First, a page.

reviewing U&A Belgium's supplemental questionnaire response. On January 
18, 2008, the Department postponed the preliminary results by 120 days. 
See Stainless Steel Plate in Coils From Belgium: Notice of Extension of 
Time Limit for Preliminary Results of Administrative Review, 73 FR 3453 
(January 18, 2008).

U&A Belgium's Reported Merger

    U&A Belgium reported that it is wholly owned by Arcelor S.A. and 
stated that Arcelor S.A. is in the process of merging with Mittal 
Steel, N.V. (Mittal) to form Arcelor Mittal S.A. Specifically, U&A 
Belgium reported that ``{i{time} n June 2006, Arcelor and Mittal Steel 
signed a memorandum of understanding outlining the terms of a merger. 
The subsequent merger agreement was signed in May 2007.'' See U&A 
Belgium's September 11, 2007, Section A Questionnaire Response at 10. 
U&A Belgium stated that the merger was structured as a two-step 
process. The first step, the merger of Mittal Steel into its wholly 
owned non-operating subsidiary ArcelorMittal, was completed in August 
2007. The second step, the integration of ArcelorMittal into Arcelor 
S.A., was completed in November 2007, and the company was immediately 
renamed ArcelorMittal. As a result, the entire merger is now complete, 
effective November 2007. U&A Belgium stated that ``{w{time} hile the 
merger was not technically completed during the review period, U&A 
Belgium prepared its responses to the Department's questionnaires as if 
ArcelorMittal were fully consolidated.'' See U&A Belgium's April 15,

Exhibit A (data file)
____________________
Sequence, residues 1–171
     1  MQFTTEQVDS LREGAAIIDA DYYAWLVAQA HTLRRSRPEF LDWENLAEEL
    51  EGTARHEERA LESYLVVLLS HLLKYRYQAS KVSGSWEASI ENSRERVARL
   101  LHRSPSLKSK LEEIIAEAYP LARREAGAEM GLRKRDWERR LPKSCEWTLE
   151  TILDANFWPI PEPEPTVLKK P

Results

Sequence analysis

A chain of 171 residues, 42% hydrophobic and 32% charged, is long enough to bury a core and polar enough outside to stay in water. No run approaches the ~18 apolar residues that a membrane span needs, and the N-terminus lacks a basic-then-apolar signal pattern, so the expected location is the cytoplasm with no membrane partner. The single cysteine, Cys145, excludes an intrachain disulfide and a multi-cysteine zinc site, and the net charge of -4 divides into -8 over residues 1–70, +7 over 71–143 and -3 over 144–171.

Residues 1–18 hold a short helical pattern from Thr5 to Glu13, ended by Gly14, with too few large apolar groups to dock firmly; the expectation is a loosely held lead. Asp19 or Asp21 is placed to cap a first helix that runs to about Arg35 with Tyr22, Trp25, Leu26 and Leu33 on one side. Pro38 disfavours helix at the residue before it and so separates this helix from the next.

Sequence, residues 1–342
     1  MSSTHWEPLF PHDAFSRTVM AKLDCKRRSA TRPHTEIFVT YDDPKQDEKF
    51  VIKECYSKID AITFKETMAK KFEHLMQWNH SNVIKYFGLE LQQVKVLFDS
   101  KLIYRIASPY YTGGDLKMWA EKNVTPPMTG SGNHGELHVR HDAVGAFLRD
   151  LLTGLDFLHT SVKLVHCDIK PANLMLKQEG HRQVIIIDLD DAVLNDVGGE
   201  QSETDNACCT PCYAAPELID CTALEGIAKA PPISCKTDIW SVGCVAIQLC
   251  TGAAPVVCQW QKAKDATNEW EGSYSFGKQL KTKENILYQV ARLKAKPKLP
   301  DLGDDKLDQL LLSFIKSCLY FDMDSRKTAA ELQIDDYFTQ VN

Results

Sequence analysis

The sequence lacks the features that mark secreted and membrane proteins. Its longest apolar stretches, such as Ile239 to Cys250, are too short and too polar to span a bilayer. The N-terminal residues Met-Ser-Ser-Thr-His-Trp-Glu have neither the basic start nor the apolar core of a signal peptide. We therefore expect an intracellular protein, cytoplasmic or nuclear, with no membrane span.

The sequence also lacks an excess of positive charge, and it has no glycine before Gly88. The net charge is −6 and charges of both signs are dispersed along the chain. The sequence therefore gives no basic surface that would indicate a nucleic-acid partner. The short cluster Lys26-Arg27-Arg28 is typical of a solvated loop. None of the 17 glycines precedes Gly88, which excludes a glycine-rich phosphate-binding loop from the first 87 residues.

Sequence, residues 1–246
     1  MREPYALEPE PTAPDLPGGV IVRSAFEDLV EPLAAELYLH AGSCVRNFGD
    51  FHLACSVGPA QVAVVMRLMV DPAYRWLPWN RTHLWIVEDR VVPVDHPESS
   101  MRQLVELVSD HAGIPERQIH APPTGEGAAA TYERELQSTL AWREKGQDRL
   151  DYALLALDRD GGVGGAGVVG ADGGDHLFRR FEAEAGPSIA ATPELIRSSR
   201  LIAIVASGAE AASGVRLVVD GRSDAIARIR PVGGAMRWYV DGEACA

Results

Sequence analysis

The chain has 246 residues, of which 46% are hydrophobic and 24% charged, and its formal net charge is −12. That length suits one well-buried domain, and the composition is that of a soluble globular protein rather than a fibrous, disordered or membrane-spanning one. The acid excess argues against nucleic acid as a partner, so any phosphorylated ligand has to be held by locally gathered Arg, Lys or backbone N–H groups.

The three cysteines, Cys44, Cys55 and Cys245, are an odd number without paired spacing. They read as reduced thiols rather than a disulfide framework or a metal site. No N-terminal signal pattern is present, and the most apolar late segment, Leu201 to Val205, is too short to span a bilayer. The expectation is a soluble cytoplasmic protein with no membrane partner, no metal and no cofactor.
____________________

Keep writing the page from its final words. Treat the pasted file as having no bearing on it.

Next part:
2008, Sections A-C Supplemental Questionnaire Response (April 15, 2008 
SQR) at 1. U&A Belgium also reported ``that the merger has had no 
impact on U&A Belgium's production and sale of subject merchandise. In 
particular, there has been no change to U&A Belgium's inputs from 
affiliates within the review period resulting from the merger with 
Mittal Steel. There has also been no change to U&A Belgium's sales to 
affiliates within the POR resulting from the merger with Mittal 
Steel.'' Id. at 2.

[[Page 32299]]

Quarterly Costs

    In its Section A-C questionnaire response dated January 29, 2008, 
at 39-44, U&A Belgium provided information regarding its input costs 
for the POR and claimed that the use of a single weighted average for 
the POR would distort the margin calculations. Therefore, instead of 
using single weighted-average CONNUM-specific costs for the POR, U&A 
Belgium urged the Department to consider employing a quarterly 
weighted-average cost methodology in this segment of the proceeding. On 
March 17, 2008, the Petitioners submitted comments claiming that the 
Department's standard practice of using a single weighted-average cost 
for the POR remains proper in the instant case. As a result, the